Similarly, gross profit showed a gradual growth from $12.4 billion in 2014 to $15.9 billion in 2018 (Nike Inc. 2018). For a company of its size, Nike also has a relatively small debt of $3.5 billion, which could be covered in full by its cash and cash equivalents, indicating good solvency (Nike Inc. 2018). There are, however, some issues in the company’s profitability ratios. In spite of its growth in revenues and profits, Nike saw a steep decrease in return on equity and return on assets between 2017 and 2018 (Nike Inc. 2018). This could be due to an increase in expenses, which caused a fall in net income for the year.
Ethics and Sustainability
In the contemporary business environment, companies that show great corporate social responsibility and commit to promoting sustainability are becoming increasingly popular. Unethical corporate practices, such as unfair wages, can cause negative publicity and affect the reputation of a business. In line with many other famous brands, Nike demonstrates strong ethical leadership, which benefits the brand’s image. For instance, in 2018, Nike vowed to raise wages for thousands of its employees following a scandal involving Amazon and its low wages (Rossi 2018). Given that many large-scale production facilities in the clothing industry are based in countries with very low labour costs, Nike’s decision reflects ethical decision-making and supports its corporate values.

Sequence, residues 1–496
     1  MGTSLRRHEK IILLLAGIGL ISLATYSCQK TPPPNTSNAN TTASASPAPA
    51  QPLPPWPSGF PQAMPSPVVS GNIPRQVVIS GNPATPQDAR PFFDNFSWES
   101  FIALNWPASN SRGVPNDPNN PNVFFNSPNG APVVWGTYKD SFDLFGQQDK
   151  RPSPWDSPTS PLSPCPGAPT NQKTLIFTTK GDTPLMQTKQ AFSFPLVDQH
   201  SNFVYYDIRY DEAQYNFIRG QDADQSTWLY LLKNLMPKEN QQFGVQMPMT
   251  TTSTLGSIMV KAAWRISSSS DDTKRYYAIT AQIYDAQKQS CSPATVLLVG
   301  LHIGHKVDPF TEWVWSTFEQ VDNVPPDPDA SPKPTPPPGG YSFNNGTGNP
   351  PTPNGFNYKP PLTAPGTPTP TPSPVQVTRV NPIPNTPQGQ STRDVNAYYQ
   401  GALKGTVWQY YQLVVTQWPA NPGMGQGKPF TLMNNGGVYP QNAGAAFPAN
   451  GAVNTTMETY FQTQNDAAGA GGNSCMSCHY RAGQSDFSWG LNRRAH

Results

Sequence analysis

Sustainability has also become a significant concern for many industries as companies strive to reduce their environmental impact. This applies to the clothing industry since mass production of clothing and shoes contributes to ecological issues (M.S.L.J. 2017).
As part of its sustainability strategy, Nike has made an effort to decrease emissions from manufacturing and reduce waste. For example, Mainwaring (2018) reports that the company has committed itself to transforming production to the use renewable energy sources in its U.S. facilities. In addition, the products made by the company create less waste than those of other brands and are made in part from recycled materials (Doshi 2018). These internal practices reflect the company’s social responsibility and create a positive image for the brand, thus aiding its market growth efforts.